Trump says SA is ‘rich’. He has a point

US President Donald Trump speaks to members of the media during a meeting with Prime Minister of Greece Kyriakos Mitsotakis in the Oval Office of the White House January 7, 2020 in Washington, DC. Picture: Alex Wong / Getty Images / AFP

Surely there are more than just ‘developed’ or ‘developing’ economy categories?

US President Donald Trump unleashed a flurry of criticism when he remarked that a lot of countries categorise themselves as developing countries “to avoid World Trade Organisation [WTO] rules to get special treatment”.

He clearly explained his trade policy to the world within the maximum number of characters that Twitter allows: “The WTO is BROKEN when the world’s RICHEST COUNTRIES claim to be developing countries to avoid WTO rules and get special treatment. NO more!!! Today I directed the US Trade Representative to take action so that countries stop CHEATING the system at the expense of the USA!”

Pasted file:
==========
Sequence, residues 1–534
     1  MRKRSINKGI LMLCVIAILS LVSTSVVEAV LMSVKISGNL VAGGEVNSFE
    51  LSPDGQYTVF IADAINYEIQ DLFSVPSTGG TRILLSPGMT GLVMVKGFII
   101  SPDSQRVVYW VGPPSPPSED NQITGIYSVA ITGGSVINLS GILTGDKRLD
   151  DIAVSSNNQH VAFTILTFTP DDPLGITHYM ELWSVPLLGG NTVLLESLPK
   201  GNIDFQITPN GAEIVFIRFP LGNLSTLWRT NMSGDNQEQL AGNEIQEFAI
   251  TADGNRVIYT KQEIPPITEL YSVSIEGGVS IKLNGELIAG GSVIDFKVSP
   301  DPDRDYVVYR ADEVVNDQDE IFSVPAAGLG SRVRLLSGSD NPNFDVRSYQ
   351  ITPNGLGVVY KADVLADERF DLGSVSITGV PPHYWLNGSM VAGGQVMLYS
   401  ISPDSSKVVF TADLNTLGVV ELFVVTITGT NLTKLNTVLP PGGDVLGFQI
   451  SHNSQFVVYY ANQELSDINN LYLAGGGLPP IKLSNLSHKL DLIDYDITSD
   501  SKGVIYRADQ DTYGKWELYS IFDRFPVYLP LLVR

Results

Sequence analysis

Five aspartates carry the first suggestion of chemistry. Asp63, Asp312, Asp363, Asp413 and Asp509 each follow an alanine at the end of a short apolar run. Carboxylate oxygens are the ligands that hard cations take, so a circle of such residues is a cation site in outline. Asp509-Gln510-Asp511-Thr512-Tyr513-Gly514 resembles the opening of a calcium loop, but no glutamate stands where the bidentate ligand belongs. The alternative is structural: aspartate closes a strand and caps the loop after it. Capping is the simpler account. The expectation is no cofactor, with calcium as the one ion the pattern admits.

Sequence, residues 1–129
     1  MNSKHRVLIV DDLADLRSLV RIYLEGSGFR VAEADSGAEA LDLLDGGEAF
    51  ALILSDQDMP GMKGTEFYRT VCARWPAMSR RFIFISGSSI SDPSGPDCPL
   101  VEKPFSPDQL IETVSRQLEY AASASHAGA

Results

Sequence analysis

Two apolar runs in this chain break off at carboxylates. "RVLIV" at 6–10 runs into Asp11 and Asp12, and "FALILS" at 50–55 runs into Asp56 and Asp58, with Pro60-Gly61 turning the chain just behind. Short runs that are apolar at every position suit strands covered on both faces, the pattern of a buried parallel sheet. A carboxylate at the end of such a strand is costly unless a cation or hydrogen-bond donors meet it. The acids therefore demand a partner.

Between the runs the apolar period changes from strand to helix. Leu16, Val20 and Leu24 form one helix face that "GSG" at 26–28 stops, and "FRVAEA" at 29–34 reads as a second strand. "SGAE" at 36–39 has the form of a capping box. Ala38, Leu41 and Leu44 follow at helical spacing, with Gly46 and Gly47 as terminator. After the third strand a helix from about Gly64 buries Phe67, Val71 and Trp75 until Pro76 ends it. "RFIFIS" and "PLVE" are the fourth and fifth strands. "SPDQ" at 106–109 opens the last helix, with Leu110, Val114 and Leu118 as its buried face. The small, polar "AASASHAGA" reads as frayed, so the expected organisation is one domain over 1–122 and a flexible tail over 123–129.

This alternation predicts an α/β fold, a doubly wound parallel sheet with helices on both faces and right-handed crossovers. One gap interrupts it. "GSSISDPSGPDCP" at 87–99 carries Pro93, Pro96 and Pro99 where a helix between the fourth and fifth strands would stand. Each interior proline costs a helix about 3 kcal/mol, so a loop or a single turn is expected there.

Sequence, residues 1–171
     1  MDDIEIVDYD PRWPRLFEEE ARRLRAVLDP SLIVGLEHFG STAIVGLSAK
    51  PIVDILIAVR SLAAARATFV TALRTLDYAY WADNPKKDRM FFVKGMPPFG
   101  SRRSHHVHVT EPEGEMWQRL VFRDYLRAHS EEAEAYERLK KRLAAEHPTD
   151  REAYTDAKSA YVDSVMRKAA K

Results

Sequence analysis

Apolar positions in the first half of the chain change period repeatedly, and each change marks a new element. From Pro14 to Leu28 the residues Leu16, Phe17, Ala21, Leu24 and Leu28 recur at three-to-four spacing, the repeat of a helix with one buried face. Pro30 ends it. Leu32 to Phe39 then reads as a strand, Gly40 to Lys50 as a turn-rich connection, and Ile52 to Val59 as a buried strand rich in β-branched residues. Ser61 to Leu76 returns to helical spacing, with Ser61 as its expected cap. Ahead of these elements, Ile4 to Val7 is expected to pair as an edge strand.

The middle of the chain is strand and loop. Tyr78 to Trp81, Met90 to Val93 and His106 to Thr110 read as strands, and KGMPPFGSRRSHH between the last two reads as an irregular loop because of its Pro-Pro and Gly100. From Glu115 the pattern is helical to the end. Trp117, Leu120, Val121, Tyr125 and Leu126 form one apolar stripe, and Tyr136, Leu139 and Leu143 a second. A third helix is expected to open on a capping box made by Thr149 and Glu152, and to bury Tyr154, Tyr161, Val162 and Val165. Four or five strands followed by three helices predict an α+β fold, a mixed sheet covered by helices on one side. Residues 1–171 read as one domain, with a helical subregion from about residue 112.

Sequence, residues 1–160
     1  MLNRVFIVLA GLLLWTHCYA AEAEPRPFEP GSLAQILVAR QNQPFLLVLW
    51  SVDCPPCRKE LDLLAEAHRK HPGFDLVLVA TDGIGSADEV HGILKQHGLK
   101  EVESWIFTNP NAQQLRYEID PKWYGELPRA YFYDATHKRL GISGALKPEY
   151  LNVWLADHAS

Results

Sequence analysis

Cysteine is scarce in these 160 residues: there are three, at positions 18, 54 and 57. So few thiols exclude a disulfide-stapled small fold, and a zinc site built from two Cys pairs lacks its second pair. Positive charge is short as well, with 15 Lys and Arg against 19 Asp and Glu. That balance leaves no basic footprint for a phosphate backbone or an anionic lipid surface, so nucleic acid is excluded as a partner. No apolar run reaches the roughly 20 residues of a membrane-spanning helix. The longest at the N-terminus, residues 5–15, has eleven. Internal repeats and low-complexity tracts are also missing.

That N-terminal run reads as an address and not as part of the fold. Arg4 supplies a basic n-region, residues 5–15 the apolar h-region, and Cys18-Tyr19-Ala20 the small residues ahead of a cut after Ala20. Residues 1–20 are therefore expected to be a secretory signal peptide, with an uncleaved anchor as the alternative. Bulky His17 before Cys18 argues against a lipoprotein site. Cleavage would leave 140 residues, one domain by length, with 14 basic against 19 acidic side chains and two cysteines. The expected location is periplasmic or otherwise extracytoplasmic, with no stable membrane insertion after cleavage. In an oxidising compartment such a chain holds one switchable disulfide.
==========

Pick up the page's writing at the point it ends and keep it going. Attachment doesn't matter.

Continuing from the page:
That was some six months ago and last week America announced the outcome of a review of its list of countries that enjoy preferential trade terms. It said the previous list, dating from 1998, was obsolete.

The US trade department removed 25 countries from the list of least-developed countries, mentioning that investigations, whether nations are harming US industries with unfairly subsidised imports, are unnecessary.

Not surprisingly, China tops the list of countries Trump accuses of benefiting unfairly from trade terms designed to help poor countries.

He took to Twitter again last week to ensure that the world takes notice of the changes. “China is viewed as a developing nation. India is viewed as a developing nation. We’re not viewed as a developing nation. As far as I am concerned we are a developing nation too,” said Trump.